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Using the cloud to protect your data


The cloud has radically changed the way in which we back up our data, both for individuals and enterprises. Its increased popularity means there is a wide choice of solutions on offer, but how do you ensure you select the best one suited for you or your business, and what are the pitfalls to avoid?In the past, backing up your data meant tapes or disks. For maximum protection you needed some of these to be stored off site so that you had the ability to recover from a major catastrophe.

With the advent of the cloud, the way in which we back up our data has undergone a radical change. It is easy to see why this is an attractive option, as cloud backup is available from anywhere and is easily scalable; however, it is vital that you understand the pros and cons. What do you need to look for?

Does it fit your business?


Cloud backup services come in all shapes and sizes, from public clouds to sophisticated business solutions. You need to find the right fit for your business. There are a number of factors involved here, one of which is the size of your business and whether the backup service has experience with similar organisations.

You should also consider whether you need to store data in a particular way; for example, certain industries are subject to compliance regulations that prohibit data being stored overseas, and so you would have to look for solutions from within your country. One of the advantages of using the cloud is that it allows continuous backup; therefore, your data is always up to date.

Is it safe and secure?

Security is a vitally important factor. You need to make sure your data is safe and encrypted, not only when it is stored but also when in transit. Backup providers should be willing to let you see their security policies. Make sure the standards meet any legislative requirements to which you have to adhere.

It is important that as the backup takes place, you know it is being done correctly. You need to consider whether any validation takes place to ensure that data is correctly saved. If it is compressed as part of the process, this also needs to be correctly verified.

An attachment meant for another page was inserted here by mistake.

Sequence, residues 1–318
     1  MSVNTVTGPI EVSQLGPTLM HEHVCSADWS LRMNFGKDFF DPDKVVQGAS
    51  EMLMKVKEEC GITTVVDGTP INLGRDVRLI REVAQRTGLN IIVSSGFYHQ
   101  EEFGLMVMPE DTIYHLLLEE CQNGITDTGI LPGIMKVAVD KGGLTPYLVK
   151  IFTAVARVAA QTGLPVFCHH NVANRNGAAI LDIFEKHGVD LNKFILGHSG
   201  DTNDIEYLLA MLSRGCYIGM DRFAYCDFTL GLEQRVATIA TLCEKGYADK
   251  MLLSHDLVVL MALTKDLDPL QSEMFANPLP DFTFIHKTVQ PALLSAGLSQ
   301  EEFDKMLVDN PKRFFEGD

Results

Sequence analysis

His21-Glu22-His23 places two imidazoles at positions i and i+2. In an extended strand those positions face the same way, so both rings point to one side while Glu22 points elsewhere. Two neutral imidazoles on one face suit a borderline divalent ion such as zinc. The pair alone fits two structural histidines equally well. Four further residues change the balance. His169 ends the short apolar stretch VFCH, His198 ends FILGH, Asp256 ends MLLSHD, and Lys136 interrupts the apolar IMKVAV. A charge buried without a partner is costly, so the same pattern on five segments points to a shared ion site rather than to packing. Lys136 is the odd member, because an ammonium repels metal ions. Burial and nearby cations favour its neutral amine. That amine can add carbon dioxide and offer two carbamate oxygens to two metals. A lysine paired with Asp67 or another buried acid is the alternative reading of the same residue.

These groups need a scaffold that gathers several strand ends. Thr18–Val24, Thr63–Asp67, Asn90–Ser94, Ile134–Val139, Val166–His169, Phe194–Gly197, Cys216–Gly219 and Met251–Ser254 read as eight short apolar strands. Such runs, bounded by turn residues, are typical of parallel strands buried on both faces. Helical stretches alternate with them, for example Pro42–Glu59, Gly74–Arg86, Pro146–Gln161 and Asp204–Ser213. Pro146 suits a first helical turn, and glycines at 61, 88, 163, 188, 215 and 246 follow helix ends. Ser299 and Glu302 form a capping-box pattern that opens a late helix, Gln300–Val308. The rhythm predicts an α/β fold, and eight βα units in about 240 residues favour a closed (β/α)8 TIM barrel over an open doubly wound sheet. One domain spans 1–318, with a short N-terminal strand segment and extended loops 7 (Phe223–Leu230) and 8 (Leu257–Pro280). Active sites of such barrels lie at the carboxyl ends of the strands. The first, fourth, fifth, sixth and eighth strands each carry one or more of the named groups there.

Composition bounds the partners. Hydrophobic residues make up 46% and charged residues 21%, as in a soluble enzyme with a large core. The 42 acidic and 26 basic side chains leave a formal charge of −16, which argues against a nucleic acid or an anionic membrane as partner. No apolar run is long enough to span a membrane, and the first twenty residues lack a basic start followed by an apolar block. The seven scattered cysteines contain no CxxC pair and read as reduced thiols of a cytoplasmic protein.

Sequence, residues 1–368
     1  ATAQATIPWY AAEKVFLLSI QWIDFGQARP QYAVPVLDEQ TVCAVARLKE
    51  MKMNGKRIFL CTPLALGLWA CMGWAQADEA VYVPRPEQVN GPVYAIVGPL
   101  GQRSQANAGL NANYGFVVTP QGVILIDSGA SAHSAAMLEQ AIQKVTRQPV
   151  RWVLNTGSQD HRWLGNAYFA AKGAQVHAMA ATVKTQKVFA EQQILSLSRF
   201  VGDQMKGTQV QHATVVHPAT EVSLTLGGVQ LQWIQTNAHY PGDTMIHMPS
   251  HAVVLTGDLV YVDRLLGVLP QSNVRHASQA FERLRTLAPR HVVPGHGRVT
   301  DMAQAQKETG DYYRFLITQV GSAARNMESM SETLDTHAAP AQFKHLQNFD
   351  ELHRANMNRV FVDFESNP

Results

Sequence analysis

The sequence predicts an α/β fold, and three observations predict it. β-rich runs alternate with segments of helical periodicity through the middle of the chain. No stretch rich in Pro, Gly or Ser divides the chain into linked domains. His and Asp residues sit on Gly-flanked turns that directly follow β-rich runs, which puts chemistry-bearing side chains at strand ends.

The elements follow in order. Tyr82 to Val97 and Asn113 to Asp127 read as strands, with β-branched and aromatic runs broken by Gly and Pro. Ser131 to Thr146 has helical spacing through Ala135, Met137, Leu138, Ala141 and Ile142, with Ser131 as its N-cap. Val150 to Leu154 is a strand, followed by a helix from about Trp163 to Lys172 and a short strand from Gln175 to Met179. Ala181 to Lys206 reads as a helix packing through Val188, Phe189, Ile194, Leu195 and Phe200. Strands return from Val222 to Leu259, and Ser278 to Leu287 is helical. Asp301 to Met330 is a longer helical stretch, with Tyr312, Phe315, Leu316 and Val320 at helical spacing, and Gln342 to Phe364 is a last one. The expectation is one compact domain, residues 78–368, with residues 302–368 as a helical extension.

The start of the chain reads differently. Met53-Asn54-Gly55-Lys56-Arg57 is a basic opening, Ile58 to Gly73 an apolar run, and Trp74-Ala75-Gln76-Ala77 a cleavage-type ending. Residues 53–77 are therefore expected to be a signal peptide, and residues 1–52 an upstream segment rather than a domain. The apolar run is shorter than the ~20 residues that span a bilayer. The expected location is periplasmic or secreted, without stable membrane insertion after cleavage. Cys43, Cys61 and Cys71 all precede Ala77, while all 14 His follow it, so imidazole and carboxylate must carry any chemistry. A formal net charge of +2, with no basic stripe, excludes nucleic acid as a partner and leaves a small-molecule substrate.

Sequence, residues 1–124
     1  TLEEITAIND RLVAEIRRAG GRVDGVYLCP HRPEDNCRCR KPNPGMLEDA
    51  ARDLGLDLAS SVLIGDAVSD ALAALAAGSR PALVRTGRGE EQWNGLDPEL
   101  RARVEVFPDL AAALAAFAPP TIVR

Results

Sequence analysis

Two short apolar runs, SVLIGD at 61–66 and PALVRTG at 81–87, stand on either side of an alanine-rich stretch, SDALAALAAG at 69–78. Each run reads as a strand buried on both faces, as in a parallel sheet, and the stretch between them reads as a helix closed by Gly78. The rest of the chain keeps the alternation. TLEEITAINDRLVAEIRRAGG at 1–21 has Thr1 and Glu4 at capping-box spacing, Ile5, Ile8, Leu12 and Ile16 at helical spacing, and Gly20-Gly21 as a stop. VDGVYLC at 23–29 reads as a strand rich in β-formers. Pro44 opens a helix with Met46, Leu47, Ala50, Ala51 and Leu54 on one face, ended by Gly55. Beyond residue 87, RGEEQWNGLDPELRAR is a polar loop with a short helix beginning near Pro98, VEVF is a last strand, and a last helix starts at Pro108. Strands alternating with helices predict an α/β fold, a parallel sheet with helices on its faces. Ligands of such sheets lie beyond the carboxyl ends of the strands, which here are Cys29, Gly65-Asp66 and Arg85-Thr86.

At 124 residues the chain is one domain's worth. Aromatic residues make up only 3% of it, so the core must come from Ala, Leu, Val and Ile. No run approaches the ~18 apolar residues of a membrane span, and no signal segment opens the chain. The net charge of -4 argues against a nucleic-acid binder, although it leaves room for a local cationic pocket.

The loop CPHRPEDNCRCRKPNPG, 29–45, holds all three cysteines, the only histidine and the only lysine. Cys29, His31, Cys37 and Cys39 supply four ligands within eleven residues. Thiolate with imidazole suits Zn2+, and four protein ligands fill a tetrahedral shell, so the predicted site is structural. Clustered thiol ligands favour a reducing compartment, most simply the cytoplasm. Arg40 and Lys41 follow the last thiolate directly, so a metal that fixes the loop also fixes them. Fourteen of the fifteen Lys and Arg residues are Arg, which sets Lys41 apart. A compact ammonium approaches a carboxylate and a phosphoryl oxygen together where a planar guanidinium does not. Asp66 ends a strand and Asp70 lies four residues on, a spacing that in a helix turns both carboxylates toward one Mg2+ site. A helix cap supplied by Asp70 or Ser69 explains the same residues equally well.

It is vital that your data is available when you need it, so consider the provider’s disaster recovery arrangements. Does it have multiple sites to protect against failure? What are its plans to ensure continuity in the event of failure?

How flexible is it?

The big advantage of the cloud is its scalability. As the amount of data you store increases, there is no need to buy extra hardware to cope. You need to understand what happens as your storage needs grow; for example, how much extra will you pay when you cross certain storage boundaries and will you be alerted when you are about to incur extra charges?

Flexibility also matters when it comes to restoring data. We all hope our backups will never be needed, of course, but you should look at how easy it is to carry out a restore if they are required. It is more likely that you will need to recover an individual file or folder than an entire disk, so make sure your chosen solution allows this.

There is also the issue of changing technology. You need to be sure that your backup is able to cope with any future needs; for example, do you need to save data from mobile devices such as smartphones and tablets, or do you need to back up data from other cloud services and cloud-based apps?


There is no doubt that the cloud offers considerable advantages when it comes to backing up your data; however, it is important to understand that there is no one-size-fits-all solution. You need to ensure that you look carefully at the services on offer and choose the one that is the best fit for your business needs.

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